Larry Sparks got his start with the Stanley Brothers in the early 1960s and, after Carter Stanley passed away, he became lead vocalist, singing some of Ralph Stanley and the Clinch Mountain Boys’ most iconic songs. His own band, the Lonesome Ramblers, continues to carry the torch for traditional, straight-ahead, no-nonsense bluegrass music, but without the hubris and self-righteousness that these uncompromising bands sometimes espouse. Larry was inducted into the Bluegrass Hall of Fame in 2015 and he is a two-time winner of IBMA’s Male Vocalist of the Year award. He’s still going strong with nary a sign of stopping. You need to do yourself a favor and see him live.
Too often eclipsed by the fame and influence of his late brother, Clarence, Roland White is the quintessential bluegrass living legend. He appeared on the Andy Griffith Show with his brothers in its first season, he performed with the Kentucky Colonels, the Country Gazette, and the Nashville Bluegrass Band, and he founded the Roland White Band in 2000, after nearly 60 years in the industry. He recently turned 79, but he still teaches at camps and workshops, tours across the country, and plays monthly at the World Famous Station Inn in Nashville. Over the past few years, he’s re-released two live albums by the New Kentucky Colonels: Live in Sweden 1973 and Live in Holland 1973. These recordings should be required listening. Go get them.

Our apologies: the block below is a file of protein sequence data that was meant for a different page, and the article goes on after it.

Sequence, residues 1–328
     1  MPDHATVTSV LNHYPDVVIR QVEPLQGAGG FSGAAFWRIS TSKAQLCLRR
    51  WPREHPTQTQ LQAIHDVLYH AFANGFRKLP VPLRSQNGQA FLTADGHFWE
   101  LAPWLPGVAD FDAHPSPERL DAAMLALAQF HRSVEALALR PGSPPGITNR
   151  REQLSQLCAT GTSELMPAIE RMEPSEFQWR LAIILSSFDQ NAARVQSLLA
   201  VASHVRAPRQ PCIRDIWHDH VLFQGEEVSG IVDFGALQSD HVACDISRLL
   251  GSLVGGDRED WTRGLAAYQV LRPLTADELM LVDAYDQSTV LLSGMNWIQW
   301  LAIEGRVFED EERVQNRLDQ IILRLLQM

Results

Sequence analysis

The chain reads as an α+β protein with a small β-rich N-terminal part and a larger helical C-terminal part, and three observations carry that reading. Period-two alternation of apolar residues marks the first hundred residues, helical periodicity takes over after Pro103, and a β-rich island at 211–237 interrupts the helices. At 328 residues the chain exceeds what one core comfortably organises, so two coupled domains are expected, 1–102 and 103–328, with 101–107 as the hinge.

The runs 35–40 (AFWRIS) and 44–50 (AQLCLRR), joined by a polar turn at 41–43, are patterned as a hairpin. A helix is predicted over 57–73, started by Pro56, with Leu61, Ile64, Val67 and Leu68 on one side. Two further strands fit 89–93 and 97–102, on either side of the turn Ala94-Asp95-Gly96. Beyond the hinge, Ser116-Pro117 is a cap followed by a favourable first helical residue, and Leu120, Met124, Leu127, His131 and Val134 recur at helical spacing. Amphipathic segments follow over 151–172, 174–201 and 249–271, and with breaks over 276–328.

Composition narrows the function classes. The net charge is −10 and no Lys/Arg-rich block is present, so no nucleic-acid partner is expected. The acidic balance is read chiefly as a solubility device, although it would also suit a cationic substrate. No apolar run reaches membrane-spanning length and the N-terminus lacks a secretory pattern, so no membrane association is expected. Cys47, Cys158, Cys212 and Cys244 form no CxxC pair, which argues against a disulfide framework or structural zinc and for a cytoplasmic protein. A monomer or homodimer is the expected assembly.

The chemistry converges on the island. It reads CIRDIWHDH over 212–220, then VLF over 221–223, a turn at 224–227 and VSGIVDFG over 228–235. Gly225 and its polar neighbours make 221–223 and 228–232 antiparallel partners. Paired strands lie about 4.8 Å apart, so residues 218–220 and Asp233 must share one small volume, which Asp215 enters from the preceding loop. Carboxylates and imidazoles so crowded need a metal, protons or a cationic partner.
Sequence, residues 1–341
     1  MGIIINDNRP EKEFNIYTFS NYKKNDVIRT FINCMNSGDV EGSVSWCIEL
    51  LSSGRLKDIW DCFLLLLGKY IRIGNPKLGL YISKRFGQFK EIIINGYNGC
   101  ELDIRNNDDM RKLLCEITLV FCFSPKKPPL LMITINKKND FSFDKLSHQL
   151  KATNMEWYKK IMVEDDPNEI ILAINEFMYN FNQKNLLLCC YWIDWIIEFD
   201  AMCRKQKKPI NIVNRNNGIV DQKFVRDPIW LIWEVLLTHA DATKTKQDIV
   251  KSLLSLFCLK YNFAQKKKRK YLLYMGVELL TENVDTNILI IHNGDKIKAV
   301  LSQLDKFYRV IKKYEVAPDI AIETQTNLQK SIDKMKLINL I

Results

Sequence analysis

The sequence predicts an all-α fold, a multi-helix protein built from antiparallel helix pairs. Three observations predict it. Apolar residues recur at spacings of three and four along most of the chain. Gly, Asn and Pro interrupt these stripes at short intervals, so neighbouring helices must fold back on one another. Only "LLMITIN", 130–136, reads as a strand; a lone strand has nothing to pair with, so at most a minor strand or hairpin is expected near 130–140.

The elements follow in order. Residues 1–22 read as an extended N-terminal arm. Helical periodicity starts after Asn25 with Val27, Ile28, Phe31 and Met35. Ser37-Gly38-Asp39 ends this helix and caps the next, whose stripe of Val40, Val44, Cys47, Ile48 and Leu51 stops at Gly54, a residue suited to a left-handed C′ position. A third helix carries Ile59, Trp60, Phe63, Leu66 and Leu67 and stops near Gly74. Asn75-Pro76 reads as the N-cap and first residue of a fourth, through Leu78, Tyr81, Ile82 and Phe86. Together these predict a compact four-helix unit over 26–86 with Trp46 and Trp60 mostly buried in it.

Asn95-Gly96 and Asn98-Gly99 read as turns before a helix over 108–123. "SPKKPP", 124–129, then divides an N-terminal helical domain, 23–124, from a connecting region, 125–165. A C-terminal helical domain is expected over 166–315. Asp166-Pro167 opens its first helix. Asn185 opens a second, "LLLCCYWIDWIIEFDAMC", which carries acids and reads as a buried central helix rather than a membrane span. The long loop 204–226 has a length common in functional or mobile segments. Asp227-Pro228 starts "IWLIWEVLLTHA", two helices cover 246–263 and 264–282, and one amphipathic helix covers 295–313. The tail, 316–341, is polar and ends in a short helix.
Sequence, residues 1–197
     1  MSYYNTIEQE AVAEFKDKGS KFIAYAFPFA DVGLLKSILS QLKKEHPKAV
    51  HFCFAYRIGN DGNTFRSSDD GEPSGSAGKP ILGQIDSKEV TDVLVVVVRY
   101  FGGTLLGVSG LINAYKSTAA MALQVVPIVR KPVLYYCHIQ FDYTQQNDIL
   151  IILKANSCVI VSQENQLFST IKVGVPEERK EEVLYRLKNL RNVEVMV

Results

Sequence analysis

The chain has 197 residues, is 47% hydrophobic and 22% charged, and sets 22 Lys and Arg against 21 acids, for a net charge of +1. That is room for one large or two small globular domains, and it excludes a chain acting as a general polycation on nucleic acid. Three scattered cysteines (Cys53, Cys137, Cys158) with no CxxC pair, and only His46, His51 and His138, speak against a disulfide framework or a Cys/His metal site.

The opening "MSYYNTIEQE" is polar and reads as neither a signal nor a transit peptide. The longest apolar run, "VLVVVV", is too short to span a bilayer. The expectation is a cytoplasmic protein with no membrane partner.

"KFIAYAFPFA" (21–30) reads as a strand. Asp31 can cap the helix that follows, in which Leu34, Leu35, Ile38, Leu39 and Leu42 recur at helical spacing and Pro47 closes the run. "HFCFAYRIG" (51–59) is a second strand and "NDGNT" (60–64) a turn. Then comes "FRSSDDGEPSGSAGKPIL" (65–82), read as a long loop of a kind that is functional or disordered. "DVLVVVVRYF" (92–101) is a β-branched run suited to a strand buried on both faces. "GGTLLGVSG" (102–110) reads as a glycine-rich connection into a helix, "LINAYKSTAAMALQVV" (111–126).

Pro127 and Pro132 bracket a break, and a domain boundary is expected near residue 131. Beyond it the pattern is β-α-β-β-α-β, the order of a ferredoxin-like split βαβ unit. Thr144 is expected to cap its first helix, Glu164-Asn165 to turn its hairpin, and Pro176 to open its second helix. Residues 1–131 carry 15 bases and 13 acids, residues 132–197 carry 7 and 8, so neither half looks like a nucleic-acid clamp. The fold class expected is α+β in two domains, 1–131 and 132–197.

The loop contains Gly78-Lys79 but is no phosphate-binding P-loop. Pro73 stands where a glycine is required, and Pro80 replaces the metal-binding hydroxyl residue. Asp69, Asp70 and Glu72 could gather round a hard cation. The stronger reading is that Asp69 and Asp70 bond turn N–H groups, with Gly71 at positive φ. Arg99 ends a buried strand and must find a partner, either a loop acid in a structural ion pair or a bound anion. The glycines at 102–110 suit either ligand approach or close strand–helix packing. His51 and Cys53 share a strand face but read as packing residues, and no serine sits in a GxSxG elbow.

Do you know what Johnny Cash, Bob Dylan, Kris Kristofferson, Joan Baez, John Hartford, Nitty Gritty Dirt Band, Tony Rice, O Brother Where Art Thou?, Alison Krauss and Robert Plant, and Inside Llewyn Davis have in common? Norman. Blake. To call his guitar playing “iconic” would be sorely understating it. His influence reaches beyond bluegrass to almost any player who has ever picked up a flat-top box, whether those players know it or not. His latest record is Brushwood (Songs & Stories), recorded with his wife and longtime musical partner, Nancy. It’s a folk album that channels the roots of the music, but with a political bent that’s as unapologetic as it is classically folk.
Eddie Adcock photo by Eddie Janssens. All photos courtesy of the artists.